Japanese Fine Dining

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Japanese Fine Dining

Most people are pretty content with eating what they normally eat every day. After all, we have habits and we get used to them. There’s nothing wrong with that. Travel tends to shake our habits up though. All the usual places we’d go to are no longer available and sometimes we’re not even in the same country anymore. For the West, eating Japanese food can frequently be seen as a treat. The sad part is that most of the option in the United States are, in effect, Americanized versions of the actual cuisine. What you may have tasted before potentially isn’t the real thing even if you ate at a high quality restaurant for it. That isn’t to say it wasn’t mostly Japanese cuisine, but if you want true Japanese fine dining you’ll need to go to Japan to get the true experience most of the time. Admittedly, you may find that the Japanese like to blend various cuisines as much as the United States does and find yourself enjoying fusion cuisine while there. Let’s look at some of the best options for Japanese fine dining both in the States and in Japan.

Yamakase, Los Angeles
If you’re looking for extra exclusive and authentic experience in the States, the Yamakase restaurant could be just the place. There is a rather big catch to all this though: you need to apply for an invitation to the restaurant. The sushi bar is relatively exclusive and highly private for that very reason. Yamakase’s chef, Yama San, specializes in both sushi and fusion cuisine to ensure that guests can get a true taste of Japan even in the United States… and have a taste of just what the world could be with a bit more Japanese spirit behind it. If you’re interested, the restaurant has a website complete with a form to request an invitation. You may have to wait a while though as the restaurant freely advertises that it has both low space and only serves one seating per day. Yamakase is also only open five days of the week as of writing this. Food this good is worth the wait though.

RyuGin, Tokyo
Those of us who enjoy our world travels have the luxury of being able to spend a little time in Tokyo when we want an actual taste of Japanese cuisine. The many chefs of Japan do still have varied opinions of what exactly can make cuisine great though. RyuGin is a smaller restaurant that manages to garner a lot of attention though. The chef, Seiji Yamamoto, is a very traditional chef in many ways. He specializes in traditional Japanese cuisine with a focus on using seasonal ingredients to their best effect. However, he also strives to innovate on traditional cooking practices without altering them beyond recognition. This leads him to play with flavors all while showing you the deepest roots of Japanese cuisine. It provides a window into the culinary soul of an ancient country that seems to eternally quest towards a unknown future. You can even just show up to get a seat here if they aren’t full, but you’re better off asking your hotel to make you a reservation in advance if you truly want to ensure you get a taste of this restaurant.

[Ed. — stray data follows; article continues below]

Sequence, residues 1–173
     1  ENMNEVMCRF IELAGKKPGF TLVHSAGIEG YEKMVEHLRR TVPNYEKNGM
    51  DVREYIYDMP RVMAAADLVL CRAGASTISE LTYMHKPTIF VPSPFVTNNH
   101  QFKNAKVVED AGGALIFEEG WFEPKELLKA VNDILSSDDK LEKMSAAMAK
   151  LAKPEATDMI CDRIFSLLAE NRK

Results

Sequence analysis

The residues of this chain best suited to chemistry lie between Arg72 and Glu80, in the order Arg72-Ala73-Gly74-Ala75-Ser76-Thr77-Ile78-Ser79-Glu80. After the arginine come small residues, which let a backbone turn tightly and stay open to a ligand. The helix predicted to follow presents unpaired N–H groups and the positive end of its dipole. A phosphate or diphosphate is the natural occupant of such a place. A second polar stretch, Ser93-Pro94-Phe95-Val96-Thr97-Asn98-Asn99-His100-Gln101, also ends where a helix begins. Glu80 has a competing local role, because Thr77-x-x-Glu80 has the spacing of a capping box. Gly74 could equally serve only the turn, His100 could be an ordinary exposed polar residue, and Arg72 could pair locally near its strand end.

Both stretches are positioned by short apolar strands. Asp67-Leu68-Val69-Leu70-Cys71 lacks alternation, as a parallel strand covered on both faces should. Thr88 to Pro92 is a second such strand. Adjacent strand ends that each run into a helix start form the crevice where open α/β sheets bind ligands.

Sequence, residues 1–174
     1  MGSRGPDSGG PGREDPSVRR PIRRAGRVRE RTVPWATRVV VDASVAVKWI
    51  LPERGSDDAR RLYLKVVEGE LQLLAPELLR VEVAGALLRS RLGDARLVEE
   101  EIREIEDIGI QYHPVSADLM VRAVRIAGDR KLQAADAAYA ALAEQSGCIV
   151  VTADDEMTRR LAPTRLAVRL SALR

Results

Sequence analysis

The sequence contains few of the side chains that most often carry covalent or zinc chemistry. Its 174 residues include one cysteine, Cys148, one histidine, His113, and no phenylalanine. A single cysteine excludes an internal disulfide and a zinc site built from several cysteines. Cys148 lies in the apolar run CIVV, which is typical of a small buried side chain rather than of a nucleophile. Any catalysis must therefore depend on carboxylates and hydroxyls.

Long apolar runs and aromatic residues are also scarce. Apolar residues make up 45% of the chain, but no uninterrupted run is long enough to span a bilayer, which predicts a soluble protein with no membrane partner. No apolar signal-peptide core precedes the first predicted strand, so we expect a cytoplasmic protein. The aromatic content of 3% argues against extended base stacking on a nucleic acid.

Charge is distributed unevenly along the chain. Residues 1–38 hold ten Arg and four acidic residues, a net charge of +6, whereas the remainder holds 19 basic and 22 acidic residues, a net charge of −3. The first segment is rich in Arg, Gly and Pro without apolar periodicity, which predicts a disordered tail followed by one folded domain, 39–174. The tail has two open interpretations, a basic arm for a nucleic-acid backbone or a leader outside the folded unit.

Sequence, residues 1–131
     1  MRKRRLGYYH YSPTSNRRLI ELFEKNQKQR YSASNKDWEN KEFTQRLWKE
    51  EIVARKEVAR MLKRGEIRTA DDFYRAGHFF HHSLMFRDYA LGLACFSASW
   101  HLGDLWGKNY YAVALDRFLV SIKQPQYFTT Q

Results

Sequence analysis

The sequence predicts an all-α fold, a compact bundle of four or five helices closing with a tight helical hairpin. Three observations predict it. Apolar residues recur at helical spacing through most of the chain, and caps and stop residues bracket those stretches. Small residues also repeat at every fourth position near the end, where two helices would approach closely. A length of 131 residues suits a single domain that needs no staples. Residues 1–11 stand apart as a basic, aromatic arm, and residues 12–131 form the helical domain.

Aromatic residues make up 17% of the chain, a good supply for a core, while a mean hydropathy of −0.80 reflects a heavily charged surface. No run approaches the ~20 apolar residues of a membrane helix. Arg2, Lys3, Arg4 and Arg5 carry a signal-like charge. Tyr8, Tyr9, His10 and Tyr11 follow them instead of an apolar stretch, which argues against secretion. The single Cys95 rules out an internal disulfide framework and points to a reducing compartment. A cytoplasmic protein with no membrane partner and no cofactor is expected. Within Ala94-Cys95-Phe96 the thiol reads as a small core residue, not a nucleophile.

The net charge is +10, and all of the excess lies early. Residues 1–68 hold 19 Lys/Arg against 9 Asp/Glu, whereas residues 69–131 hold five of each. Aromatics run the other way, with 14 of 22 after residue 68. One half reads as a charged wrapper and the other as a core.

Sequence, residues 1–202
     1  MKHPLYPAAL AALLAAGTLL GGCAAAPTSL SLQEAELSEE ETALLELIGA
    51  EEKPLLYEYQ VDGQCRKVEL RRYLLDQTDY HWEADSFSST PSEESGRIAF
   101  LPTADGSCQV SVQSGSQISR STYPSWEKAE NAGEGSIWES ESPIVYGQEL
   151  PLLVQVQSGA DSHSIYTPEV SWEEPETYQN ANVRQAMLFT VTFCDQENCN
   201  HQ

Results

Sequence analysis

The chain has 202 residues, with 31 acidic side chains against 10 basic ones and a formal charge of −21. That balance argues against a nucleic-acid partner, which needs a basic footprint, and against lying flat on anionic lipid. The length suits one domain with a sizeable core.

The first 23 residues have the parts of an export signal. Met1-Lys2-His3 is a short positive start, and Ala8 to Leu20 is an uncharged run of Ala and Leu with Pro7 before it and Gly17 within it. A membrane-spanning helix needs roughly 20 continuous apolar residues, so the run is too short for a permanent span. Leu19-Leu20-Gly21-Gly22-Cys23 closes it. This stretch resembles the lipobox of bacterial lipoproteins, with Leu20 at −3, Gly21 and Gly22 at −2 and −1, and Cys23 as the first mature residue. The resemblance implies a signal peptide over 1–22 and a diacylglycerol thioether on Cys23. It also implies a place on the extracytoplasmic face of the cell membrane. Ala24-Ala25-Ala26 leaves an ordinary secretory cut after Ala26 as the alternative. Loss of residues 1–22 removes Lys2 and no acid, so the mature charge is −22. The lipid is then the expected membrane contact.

Kondo, Tokyo
Exploring the lighter side of any cuisine means you inevitably run into a cultural comfort food or at least a less formal style. Tempura is the specialty at Kondo, but all that fried food is certainly fine dining given the restaurant has received its share of Michelin stars. In keeping with the style of many of these restaurants, you can clearly see the kitchen has the chefs work behind it to prepare your meals. There’s plenty on order from vegetable to seafood to various kinds of meat. Tempura may seem simple, but Kondo elevates it to an art form. You can expect to get most of the dishes one at a time as they’re served to you. Freshness is an important standard for the restaurant as well. Seafood in particular will generally be kept nearby for preparation on order, but left alive until then. Tempura may have once been seen as fast good, but Kondo and similar restaurants show there is always room to elevate almost all cuisine with enough dedication.

Japanese fine dining is technically available in most major metropolitan areas. You do need to do your research if you want to be sure you’re getting something authentic though. That’s a good deal harder than most people think. We’ve highlighted some of the excellent restaurants available to get the proper fine dining experience at, but keep an ear open for anything word of mouth might bring you. You might just find a hidden gem of your own.

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